Taco Tuesday posts dominate social media each week, which isn’t surprising when you consider Americans devour a whopping 4.5 billion tacos per year. Even if you aren’t a taco fan yourself, you probably enjoy burritos, nachos or some other type of Mexican cuisine. You might even have a strong opinion about whether Tex-Mex is real Mexican food or just an Americanized knockoff.
Some Americans credit their fondness for Mexican meals to the rapidly growing Hispanic population in the United States. That may play a role in your own diet, but Mexican food actually appeared on U.S. soil long before that. Tacos didn’t officially earn their U.S. moniker until the early 1900s, but other Mexican staples, such as chocolate and chile peppers, appeared centuries before that.
What is Mexican Cuisine?
Mexican cuisine typically refers to dishes made from beans, peppers, meat and some type of vessel, such as a tortilla or taco shell. Many dishes are spicy, but you can reduce the heat by adding fewer peppers.
When preparing Mexican cuisine, you might use some — or all — of these ingredients:
- Black beans
- Pinto beans
- Green peppers
- Red peppers
- Chile peppers
- Chipotle peppers
- Shredded chicken
- Steak flanks
- Pulled pork
- Ground beef
- White cheese
These ingredients are then placed on a vessel, such as a flour tortilla, soft corn tortilla, crunchy taco shell or tortilla chips. You can also add them to rice or salad or stuff them inside of a tamale.
Americans often top Mexican food with salsa, sour cream, guacamole and pico de gallo — also known as salsa fresca, a blend of diced tomatoes, onions and cilantro with a hint of lime juice. You can also add shredded cheese or melted queso to your completed dishes.
Is Tex-Mex Cuisine the Same as Mexican Cuisine?
Tex-Mex cuisine refers to Mexican dishes fused with American trends, so it’s similar to many traditional Mexican dishes. It started in Texas — hence the ‘Tex’ part of the name — and spread across the country, making a final stop in Canada. The Tejano people are credited with launching this popular style of food.
Some people argue that Tex-Mex doesn’t compare to traditional Mexican fare when it comes to taste and the quality of ingredients. Here are some key differences between Mexican and Tex-Mex cuisine:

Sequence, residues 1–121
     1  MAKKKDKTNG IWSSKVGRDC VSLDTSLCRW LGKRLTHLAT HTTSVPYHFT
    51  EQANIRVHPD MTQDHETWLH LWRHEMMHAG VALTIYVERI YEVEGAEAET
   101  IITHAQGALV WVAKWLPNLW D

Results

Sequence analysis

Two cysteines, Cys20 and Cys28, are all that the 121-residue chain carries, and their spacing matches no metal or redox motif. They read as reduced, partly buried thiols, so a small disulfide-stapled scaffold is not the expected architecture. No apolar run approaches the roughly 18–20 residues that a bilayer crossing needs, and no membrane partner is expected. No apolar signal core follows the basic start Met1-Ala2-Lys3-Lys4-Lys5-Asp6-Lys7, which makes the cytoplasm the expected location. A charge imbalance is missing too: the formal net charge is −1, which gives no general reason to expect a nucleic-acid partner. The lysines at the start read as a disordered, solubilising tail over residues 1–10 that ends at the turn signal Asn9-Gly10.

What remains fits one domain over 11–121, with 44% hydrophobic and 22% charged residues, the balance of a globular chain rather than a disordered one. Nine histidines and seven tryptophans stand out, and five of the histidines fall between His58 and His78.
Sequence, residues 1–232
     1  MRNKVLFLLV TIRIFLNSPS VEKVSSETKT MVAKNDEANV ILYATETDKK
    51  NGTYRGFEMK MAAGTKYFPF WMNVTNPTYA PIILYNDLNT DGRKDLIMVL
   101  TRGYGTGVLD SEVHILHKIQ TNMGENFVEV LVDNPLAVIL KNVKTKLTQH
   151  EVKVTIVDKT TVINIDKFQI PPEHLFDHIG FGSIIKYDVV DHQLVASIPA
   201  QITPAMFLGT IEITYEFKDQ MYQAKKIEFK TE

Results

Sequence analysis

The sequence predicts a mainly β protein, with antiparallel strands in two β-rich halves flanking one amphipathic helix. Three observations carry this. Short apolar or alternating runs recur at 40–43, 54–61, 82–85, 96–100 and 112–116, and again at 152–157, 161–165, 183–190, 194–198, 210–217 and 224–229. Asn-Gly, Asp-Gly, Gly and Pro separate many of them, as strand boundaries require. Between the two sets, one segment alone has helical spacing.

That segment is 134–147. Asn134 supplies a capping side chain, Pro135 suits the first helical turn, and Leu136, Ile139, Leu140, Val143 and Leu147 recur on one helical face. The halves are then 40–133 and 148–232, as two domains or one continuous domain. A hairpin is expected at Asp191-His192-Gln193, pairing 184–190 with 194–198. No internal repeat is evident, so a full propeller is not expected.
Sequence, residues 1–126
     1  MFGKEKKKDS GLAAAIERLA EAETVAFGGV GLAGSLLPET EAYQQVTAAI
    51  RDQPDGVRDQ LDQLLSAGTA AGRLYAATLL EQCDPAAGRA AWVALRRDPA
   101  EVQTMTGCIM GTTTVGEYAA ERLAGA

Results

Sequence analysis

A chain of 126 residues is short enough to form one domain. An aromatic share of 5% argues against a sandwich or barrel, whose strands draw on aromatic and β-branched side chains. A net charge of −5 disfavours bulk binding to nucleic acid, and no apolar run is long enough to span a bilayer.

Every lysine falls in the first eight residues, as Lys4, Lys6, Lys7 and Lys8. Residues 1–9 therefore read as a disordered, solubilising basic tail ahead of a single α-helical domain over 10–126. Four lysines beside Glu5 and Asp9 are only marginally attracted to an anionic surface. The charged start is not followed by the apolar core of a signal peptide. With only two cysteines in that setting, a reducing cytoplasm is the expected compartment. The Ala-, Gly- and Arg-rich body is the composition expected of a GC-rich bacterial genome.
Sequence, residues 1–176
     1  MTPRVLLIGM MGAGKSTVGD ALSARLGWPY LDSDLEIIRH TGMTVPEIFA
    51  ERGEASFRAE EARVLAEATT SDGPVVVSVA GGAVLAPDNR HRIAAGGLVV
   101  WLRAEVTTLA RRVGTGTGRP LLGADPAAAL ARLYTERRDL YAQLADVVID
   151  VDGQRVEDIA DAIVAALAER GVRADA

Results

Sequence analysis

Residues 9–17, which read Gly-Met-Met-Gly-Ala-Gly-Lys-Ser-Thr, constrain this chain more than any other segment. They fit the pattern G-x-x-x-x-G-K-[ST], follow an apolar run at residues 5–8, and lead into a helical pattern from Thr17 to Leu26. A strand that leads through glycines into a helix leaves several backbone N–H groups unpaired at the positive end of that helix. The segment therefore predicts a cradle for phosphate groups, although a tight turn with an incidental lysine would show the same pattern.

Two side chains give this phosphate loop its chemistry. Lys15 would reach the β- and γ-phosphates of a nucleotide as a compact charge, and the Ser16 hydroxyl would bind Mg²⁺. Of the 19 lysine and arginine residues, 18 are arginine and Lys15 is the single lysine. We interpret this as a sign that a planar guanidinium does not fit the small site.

- Mexican cuisine uses white cheese, not cheddar or other varieties
- Tex-Mex recipes often use cumin, but authentic Mexican dishes get their flavor from cilantro, chile peppers, cacao or other herbs and spices
- Mexican tacos come in corn tortillas stuffed with pork or steak, while Tex-Mex fans favor ground beef in crunchy corn tacos or soft flour tortillas
Based on these differences, Taco Bell and Chipotle don’t offer traditional Mexican cuisine. However, they still incorporate important parts of Tejano culture into their menus, and they’re easier to find than traditional Mexican restaurants. There are more than 7,000 Taco Bell locations scattered across the globe, and Chipotle has around 2,400 restaurants.
Where is Mexican Food From?
Mexico might seem like the obvious answer, but it’s not the only source of Mexican-style cuisine. Some popular recipes stem from a blend of Native American and Spanish dishes, and Latin Americans also enjoy — and inspire — some Mexican dishes.
Mexican food originated approximately 9,000 years ago with help from the Mayan communities. Back then, meals mainly consisted of vegetables and grains, including corn, beans, avocados, squash, tomatoes and chilies. Eventually, Spanish settlers — or rather, invaders — introduced the Mayans to garlic, herbs and meat.
Around the time of the Spanish invasion, Mexican food didn’t always contain the same meat we eat today. Dishes were often made with turkey, duck, squirrel, deer, rabbits and even dogs. Some meals even contained maguey worms and grasshoppers.
However, meat was prepared in methods similar to those used today. Meat was often slow roasted to preserve flavor and moisture, and it was typically seasoned with spices or herbs.
Drinks were made from corn, similar to the atole drinks we have today. Later in history, Mexicans introduced Europeans to chocolate, and Spanish settlers shared sugar. This resulted in drinks similar to the hot chocolate we have today.
Corn also was — and is — a staple for savory Mexican deals. You can create dough for tamales or tortillas with corn as well as make crunchy taco shells. Tortillas were made by hand until the 1940s when electric and gas-powered machinery, then considered high tech, was introduced.
What’s Unique About Mexican Food?
Mexican food has a rich history that spans thousands of years — it has truly stood the test of time. This cuisine boasts a global appeal, which means people around the world chow down on Mexican dishes. You can find Mexican food in Mexico, of course, but you can also order Mexican dishes on nearly every continent. With the exception of Italian food, most cuisines lack the worldwide popularity of Mexican fare.
Some cuisines rely on a few basic ingredients. Mexican food incorporates vibrant veggies with rich spices and satisfying proteins. You can customize Mexican food to meet nearly any lifestyle or dietary preference, including:
- Gluten free
- Dairy free
- Sugar free
- Whole 30
- Low carb